There’s nothing wrong with someone having a drink or two by themselves. However, if it becomes a habit, and your roommate drinks heavily every time they drink alone, this suggests drinking that’s out of control. It might mean they need alcohol to feel comfortable with themselves, even outside of social situations. Lots of empty cans and bottles in your roommate’s room could indicate they drink alone. But solo drinking is not always so obvious. Your roommate may try their best to hide it from you.

4. They Experience Withdrawal Symptoms When They Don’t Have a Drink

Alcoholism is an addiction because it has withdrawal symptoms. These include physical symptoms, such as hand tremors, otherwise known as the shakes, sweating, or nausea. They may also experience psychological symptoms, such as:

  • Depression
  • Anxiety
  • Irritability
  • Restlessness
  • Insomnia
  • Visual, tactile, and auditory hallucinations

Be mindful of how your drunk roommate reacts when they go without a drink. Maybe they become more withdrawn, snappy, or unhappy. It’s normal to feel down when you have a hangover, but withdrawal symptoms are different. Hangovers pass over the course of a day and result from drinking too much. Withdrawal symptoms last for much longer, and they happen when someone who is addicted to alcohol drinks too little of it.

5. They Have Relationship Issues

If your roommate is an alcoholic, you probably aren’t the only one who’s noticed. One of the key signs of alcoholism is that it disrupts important aspects of life, including relationships. Perhaps you’ve noticed that interactions in the house, whether between you and your roommate or your roommate and other housemates, are often fraught with conflict. This may be because your roommate’s drunkenness means they don’t keep things clean, they get into heated arguments, or they disrespect the needs and wishes of others. Alcohol addiction can also put a strain on romantic relationships. You may notice that your drunk roommate behaves belligerently toward their partner. Be on the lookout for abusive or violent behavior, as these may call for police involvement.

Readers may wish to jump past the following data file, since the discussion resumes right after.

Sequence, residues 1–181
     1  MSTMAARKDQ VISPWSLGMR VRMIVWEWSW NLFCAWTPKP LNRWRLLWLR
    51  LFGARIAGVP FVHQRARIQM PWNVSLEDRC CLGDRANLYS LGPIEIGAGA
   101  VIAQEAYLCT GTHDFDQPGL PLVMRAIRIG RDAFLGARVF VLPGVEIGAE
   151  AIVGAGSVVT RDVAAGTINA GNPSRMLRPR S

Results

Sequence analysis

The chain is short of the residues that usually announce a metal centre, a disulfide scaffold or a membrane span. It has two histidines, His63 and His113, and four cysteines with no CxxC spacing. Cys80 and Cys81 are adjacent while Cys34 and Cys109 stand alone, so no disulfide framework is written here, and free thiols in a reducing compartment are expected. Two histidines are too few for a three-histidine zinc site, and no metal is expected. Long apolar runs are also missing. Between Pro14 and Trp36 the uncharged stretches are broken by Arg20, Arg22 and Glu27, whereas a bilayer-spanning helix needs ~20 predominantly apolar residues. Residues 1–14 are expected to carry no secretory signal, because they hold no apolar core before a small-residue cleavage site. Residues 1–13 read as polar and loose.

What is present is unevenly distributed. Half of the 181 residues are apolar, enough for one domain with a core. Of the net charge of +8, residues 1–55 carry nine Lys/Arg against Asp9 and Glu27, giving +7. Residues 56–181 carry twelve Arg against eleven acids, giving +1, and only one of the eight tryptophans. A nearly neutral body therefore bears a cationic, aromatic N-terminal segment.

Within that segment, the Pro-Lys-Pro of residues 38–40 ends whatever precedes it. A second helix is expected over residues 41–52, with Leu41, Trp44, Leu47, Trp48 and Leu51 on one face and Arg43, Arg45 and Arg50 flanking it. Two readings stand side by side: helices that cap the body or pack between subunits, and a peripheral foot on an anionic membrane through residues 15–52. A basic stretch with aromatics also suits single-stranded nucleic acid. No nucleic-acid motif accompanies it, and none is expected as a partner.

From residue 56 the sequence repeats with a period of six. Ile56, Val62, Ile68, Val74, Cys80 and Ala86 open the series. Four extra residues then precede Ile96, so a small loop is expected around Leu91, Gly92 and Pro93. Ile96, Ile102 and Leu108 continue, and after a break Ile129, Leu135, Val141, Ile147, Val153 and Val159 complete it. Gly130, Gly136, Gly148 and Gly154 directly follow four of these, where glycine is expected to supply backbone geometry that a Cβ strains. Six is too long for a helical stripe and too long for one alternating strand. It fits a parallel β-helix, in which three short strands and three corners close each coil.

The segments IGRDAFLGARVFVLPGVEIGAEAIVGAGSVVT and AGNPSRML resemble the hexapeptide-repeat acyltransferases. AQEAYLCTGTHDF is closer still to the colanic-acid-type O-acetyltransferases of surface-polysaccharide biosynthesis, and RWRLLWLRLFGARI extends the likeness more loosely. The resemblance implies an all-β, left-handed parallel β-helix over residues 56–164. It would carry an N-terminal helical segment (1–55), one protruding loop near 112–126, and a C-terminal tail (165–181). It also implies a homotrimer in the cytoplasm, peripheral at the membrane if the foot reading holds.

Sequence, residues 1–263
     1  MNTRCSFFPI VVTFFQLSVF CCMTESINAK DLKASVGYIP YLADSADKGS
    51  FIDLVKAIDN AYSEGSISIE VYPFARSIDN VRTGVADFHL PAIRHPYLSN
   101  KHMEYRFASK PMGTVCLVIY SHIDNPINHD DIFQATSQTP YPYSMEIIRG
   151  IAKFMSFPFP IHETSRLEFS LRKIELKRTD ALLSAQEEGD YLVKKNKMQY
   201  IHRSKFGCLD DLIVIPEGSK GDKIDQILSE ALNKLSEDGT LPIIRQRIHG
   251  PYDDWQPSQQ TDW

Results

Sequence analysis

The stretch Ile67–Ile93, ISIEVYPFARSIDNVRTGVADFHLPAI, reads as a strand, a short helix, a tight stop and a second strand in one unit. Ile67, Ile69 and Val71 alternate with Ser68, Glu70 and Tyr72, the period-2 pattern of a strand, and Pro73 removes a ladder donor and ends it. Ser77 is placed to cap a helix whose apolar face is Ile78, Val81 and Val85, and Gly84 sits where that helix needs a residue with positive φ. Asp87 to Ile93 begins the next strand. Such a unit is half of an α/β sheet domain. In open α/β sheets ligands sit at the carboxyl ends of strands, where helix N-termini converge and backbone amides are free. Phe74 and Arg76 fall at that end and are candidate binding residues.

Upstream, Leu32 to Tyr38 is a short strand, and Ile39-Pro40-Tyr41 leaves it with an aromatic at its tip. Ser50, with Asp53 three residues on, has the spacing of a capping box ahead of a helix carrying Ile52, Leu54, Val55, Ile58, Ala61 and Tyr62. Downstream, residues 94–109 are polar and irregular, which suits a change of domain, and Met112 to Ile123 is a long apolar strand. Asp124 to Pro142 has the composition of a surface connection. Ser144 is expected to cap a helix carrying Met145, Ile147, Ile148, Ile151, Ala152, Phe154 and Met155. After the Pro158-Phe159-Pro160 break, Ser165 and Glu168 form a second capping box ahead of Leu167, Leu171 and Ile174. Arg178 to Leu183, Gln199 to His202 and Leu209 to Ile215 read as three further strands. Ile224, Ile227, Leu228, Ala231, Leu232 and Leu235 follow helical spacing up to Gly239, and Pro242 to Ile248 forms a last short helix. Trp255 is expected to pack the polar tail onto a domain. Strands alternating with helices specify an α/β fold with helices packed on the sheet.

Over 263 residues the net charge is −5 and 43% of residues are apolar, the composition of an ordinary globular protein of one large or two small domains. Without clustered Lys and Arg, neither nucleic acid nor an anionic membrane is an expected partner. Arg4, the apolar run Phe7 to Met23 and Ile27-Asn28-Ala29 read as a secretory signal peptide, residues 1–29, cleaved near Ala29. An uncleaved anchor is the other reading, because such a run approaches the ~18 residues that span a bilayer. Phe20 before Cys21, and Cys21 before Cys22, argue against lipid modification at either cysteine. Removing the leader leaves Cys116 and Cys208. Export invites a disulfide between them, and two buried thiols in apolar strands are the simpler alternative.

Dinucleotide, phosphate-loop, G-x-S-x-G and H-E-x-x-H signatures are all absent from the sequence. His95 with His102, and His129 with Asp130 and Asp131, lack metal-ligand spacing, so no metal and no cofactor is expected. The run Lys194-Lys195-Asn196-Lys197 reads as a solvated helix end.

6. The Person Doesn’t Take Care of Their Responsibilities

A pattern of heavy drinking is disruptive in many ways. Your roommate may not pull their weight around the house, but alcoholism can have larger consequences too. If your roommate is in college, they could miss classes, deadlines, and exams. Your roommate’s alcoholism could result in them being late for work or missing it altogether, skipping out on business meetings, not getting their work done, and, in turn, facing disciplinary action. They may miss family events or other important social occasions.

Can Alcohol Use Lead to Mental Health Issues?